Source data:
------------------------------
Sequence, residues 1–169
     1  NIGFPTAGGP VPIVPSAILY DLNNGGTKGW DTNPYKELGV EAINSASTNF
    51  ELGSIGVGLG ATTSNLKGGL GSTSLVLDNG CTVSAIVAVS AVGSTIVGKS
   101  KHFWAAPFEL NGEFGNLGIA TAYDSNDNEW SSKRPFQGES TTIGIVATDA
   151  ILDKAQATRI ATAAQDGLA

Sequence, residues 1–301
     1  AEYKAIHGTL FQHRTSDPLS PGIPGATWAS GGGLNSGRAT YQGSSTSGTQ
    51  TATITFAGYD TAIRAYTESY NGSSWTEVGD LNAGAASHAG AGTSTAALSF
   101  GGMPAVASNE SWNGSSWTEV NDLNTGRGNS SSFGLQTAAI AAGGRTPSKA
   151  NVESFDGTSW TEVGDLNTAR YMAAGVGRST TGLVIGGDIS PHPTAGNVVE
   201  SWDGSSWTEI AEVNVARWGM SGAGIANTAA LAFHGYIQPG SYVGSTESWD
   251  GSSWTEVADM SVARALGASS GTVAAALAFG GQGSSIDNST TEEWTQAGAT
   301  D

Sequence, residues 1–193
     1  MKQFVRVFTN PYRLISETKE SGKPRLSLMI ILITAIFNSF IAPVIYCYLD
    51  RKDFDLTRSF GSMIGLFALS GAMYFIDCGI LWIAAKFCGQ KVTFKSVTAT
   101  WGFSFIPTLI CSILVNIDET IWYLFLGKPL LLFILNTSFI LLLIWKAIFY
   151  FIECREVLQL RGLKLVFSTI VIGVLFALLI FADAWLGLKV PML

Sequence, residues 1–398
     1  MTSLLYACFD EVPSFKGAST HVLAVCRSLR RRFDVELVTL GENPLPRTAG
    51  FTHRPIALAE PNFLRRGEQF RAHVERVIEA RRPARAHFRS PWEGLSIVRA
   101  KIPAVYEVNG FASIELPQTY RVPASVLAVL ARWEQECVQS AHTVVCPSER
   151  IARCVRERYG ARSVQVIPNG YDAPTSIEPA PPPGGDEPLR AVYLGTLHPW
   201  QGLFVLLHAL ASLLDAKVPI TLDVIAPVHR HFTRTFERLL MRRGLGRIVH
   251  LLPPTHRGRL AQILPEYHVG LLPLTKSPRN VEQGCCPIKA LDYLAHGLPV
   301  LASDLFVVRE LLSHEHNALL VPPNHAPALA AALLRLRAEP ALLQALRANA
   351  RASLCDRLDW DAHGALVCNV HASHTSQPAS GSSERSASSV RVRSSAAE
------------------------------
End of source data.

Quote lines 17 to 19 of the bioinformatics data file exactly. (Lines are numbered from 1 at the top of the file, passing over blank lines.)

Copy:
   101  WGFSFIPTLI CSILVNIDET IWYLFLGKPL LLFILNTSFI LLLIWKAIFY
   151  FIECREVLQL RGLKLVFSTI VIGVLFALLI FADAWLGLKV PML

Sequence, residues 1–398